Sunday, May 20, 2007

What a nice day for some pain.

What a day. 7:00am brought sunshine, registration slips, unknowing smiles and a light breeze from the southwest. With bib numbers handed out and final announcements made from the steps of one of Rochester's most historic homes, the invisible starting gun was fired over a crowd of 13 valiant riders.


As 12 of theses courageous brothers pedaled their way into unfamiliar territory, one man stood tall as he quietly unpacked his helmet and shuffled through his ipod for the longest playlist. As this man found himself a fair share of pedal strokes behind the pack, the entire group was now on the road and headed into no-man's land. With these noble souls now leaving the fine city of Rochester some found themselves riding independently while others rode in small groups as they all approached what would soon become their arch nemesis, miles and miles of fresh gravel.


Whether they were packed in with others or trudging along solo, each rider was about to encounter what was to plague them for the rest of the day. The long straight stretches of gravel and the dust that accompanies it was only made worse by strong headwinds, passing cars and the occasional farm dog(s). Not much past the second climb a group of four riders were accosted by two small yippidy dogs and a St. Bernard that seemed to be interested most in assisting his smaller brethren in their quest to antagonize. Unfortunately for these now troubled riders, this current dog trouble would be the least of their worries.
A little further down the route, where the gravel faded into pavement and the winds pick up to nearing gusts, the minutes began to pass like hours as the eastern horizon was scanned for the faint silhouette that would be the lead rider. As this man in black approached, he grew from a tiny speck on the horizon to a figure now recognized from the mornings starting ceremonies. With the Evil logo peering out from underneath his lovely pink helmet, this mysterious Merckx rider passed the oldest church in Rice county only to hand the onlooking photographer a hand full of empty gel packets and Clif Shot wrappers. With the 50 mile mark only a few miles away, this coffin covered madman was well ahead of the group he watched leave only a couple of hours earlier.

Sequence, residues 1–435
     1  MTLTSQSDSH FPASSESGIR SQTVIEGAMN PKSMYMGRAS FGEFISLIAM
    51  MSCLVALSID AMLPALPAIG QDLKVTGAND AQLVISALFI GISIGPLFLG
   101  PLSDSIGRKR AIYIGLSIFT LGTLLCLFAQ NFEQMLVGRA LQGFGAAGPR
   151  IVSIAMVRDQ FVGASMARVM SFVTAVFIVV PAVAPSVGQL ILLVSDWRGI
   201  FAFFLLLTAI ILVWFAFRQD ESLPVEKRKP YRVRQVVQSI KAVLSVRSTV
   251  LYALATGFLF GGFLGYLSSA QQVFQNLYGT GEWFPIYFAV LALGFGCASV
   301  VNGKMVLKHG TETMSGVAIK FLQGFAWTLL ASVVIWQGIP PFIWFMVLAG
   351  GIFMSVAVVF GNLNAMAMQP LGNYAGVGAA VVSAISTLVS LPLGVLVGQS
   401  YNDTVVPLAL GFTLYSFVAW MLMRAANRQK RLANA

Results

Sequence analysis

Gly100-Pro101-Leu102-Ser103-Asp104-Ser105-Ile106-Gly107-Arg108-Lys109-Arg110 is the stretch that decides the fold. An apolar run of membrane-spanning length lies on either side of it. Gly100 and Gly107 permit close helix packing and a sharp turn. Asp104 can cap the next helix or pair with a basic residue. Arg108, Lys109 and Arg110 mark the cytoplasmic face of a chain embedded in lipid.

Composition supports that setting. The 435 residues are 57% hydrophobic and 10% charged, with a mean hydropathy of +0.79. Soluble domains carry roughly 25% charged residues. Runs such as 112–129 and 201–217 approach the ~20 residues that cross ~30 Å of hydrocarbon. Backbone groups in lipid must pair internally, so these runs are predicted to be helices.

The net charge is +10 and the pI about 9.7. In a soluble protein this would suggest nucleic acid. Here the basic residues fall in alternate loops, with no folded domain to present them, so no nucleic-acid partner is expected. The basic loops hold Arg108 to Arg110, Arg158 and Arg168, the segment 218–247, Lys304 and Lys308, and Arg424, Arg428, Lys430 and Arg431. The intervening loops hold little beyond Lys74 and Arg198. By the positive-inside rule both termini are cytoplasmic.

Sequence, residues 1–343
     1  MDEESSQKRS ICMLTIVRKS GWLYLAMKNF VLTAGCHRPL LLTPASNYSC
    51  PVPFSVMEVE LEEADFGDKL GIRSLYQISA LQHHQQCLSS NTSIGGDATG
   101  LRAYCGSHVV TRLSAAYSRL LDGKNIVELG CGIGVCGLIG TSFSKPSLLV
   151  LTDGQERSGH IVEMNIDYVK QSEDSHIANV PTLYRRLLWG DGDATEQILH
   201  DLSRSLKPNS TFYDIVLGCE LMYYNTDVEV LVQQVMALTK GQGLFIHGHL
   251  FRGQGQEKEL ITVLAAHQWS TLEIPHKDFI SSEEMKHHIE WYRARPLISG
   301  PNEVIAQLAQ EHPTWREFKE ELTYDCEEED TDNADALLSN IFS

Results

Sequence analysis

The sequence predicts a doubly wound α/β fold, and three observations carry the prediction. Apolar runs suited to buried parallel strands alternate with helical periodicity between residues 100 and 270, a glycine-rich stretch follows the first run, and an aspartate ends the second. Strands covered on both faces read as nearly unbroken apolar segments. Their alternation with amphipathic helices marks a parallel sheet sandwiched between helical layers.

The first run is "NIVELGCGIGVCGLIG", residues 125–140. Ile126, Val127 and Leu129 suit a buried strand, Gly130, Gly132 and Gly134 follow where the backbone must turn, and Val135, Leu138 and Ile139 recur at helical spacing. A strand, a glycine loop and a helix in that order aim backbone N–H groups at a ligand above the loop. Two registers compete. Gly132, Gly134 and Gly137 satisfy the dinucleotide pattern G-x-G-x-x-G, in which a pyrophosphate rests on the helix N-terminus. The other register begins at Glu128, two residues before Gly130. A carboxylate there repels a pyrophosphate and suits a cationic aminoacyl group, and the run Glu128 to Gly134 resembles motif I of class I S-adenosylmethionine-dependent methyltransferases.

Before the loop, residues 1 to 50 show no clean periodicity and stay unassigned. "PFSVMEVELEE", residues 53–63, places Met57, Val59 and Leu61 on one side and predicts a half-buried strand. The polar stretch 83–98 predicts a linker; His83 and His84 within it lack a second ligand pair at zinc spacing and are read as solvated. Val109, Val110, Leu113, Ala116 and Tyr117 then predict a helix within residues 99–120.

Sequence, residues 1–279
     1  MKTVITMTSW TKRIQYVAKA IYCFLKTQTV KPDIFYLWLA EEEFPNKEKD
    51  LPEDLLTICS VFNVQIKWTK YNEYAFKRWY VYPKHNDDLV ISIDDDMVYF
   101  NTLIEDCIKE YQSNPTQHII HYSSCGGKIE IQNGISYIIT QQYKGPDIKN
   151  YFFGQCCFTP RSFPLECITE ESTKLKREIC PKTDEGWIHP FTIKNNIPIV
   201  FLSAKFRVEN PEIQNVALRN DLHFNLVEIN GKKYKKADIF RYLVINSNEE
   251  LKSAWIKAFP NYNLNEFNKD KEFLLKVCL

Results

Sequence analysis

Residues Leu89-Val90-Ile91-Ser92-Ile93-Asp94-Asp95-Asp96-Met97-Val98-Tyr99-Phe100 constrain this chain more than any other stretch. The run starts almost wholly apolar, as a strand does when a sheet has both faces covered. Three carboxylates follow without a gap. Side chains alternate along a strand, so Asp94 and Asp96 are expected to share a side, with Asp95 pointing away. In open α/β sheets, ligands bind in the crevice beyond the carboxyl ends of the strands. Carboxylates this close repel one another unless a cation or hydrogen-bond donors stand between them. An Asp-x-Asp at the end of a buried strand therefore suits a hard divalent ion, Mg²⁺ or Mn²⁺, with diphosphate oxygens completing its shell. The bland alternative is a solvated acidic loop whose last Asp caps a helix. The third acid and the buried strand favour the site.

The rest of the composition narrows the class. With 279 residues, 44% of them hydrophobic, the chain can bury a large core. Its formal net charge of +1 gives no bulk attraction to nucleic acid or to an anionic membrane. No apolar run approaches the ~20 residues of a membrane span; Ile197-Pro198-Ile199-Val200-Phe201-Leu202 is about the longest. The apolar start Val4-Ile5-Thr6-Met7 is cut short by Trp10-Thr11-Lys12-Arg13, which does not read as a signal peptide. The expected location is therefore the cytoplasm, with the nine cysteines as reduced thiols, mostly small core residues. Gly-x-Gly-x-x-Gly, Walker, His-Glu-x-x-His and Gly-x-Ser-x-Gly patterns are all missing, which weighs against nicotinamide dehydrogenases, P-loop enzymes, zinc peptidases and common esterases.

Having now arrived at this 50 mile haven for weary and ragged riders, this leading man collected himself beside the side of the rode before venturing into the final 50 of this day long dose of gravel punishment.
With the two lead riders now pedaling their fixed drivetrains west to the land of the drunken underclassmen, the rest of the field found it's way onto the weed infested baseball diamond that had become the resting ground for dusty travelers.
With nine bikes now on their way to Mankato a call came in for support from the days oldest rider. Just a couple of miles east of Medford, the number ten rider was met and transported to Faribault where he continued his trek along the Sakatah trail into the finish line at University Cycle in Mankato. One and one half mile behind this rider were riders number 11 and 12. Found walking along a short stretch of pavement it was learned that rider number 12 had already busted two chain links and was on his third tube, which coincidently, was not the tube that blew out the bead on his front Bontrager.